In Dallas County, only six percent of mosquitoes are now testing positive for West Nile.

KUT News

A Stanford University study published today doubting the health benefits of organic fruits, vegetables and meats has some Texas farmers raising questions.

The study, authored by Dena Bravata, MD, MS, was published in today’s issue of Annals of Internal Medicine. It found no consistent differences in the vitamin content of organic food versus the cost-cutting, conventionally grown alternative.

“That study doesn’t really look at a lot of very important factors,” says Judith McGeary, founder of the Texas-based Farm and Ranch Freedom Alliance. “Vitamin content isn’t the only issue, even for adults. One issue is the exposure to pesticides, which are to be blunt, poison. And the study did show that there was significantly less exposure to pesticides from organic produce than from conventional."

CDC/ James Stewart

The Texas Department of State Health Services say the number of West Nile virus cases and deaths in the state have more than doubled over the past two weeks.

The Centers for Disease Control and Prevention says Texas continues to lead the country in the number of cases of West Nile. According to the CDC, nearly 800 people across the state have been infected. More than 30 have died.

The outbreak continues to be centered around the Dallas area but Travis and Williamson counties have seen a combined total of 42 confirmed cases including two deaths.

Nathan Bernier, KUT News

The Travis County hospital district appears interested in the idea of going it alone on the potential expansion of Medicaid, but says there are no plans in the works. The Washington Post reported this weekend that the six largest counties in Texas could seek to expand Medicaid independently of the state, effectively making an end run around Gov. Rick Perry's opposition to the program. 

“We’re not actively involved at this point in time [in those talks]," says Christie Garbe with Central Health, the Travis County hospital district. "We are watching closely as it’s an interesting possibility. But Central Health is already interested in exploring local solutions to expand health care for the uninsured who live in Travis County.”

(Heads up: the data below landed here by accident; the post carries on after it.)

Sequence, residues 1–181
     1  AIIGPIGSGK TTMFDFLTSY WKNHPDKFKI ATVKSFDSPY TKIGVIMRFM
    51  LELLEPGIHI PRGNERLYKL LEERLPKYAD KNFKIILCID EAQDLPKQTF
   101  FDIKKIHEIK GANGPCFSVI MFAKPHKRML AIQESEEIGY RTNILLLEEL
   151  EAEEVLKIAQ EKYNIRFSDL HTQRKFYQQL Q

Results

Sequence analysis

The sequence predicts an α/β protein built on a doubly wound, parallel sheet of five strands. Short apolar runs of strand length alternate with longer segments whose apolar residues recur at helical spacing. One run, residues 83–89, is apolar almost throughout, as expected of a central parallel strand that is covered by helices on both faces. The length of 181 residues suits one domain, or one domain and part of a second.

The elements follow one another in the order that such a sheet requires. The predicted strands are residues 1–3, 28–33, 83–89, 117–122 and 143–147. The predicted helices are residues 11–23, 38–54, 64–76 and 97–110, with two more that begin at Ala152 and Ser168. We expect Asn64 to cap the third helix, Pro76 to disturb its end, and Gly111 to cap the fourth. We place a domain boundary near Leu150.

Central Health estimates the Medicaid expansion would save $7- to $8 million dollars a year by providing health insurance to people who would otherwise just show up at the emergency room.  

If you're going to take a walk on the wild side and get a tattoo, it could get even wilder than you planned.

Federal and state health investigators have identified five clusters of skin infections linked to tattoos.

Now it's true that infection risks from tattoos are not exactly new or unknown. In fact, tattoo parlors are licensed and regulated in many jurisdictions to minimize the risk of trouble for people getting "inked."

Laura Rice, KUT News

Austin economist Jon Hockenyos says bringing a medical school and teaching hospital to Austin could add about 15,000 permanent jobs to the community.

Hockenyos says nearly 7,000 of those jobs would be directly connected with the medical facility and research. The other 8,000 or so would be indirectly created.

“The impact of this facility and the operation of this entire complex is going to create ripple effects through the whole community and so we’ll raise the overall level of economic activity here and that will in turn create opportunities in restaurants and dry cleaners and for people supplying things to the medical complex – all those different, related, ancillary activities will then, in turn, have to hire workers,” Hockenyos says.


Texas has seen more than 600 West Nile Virus cases so far this year. That’s more than any other state in the country and almost of half of the total cases in the nation.

The Dallas area has seen by far the largest number of infections and deaths related to the disease. Eleven people have died from West Nile Virus in Dallas County alone.

But there’s no clear reason why the outbreak has been so severe in North Texas.

“The available information indicates that the numbers of reported cases are trending upward in most areas, including Texas,” says Dr. Lyle Peterson with the Centers for Disease Control.

With one confirmed West Nile virus-related death in Travis County, and spraying for mosquitos in Dallas, many Central Texans are wondering what they can do to keep mosquitos away.

Some have turned to some quirky alternatives to make sure mosquitos keep away – including a bracelet makers say acts as a mosquito repellent.

According to one product’s website, these bracelets essentially work by producing an “aura” of plant-based oils that act like a protective shield – something they say mosquitos won’t like at all. But according to Dr. Phil Huang, the medical director for the Travis County Health and Human Services, such bracelets might not be that effective.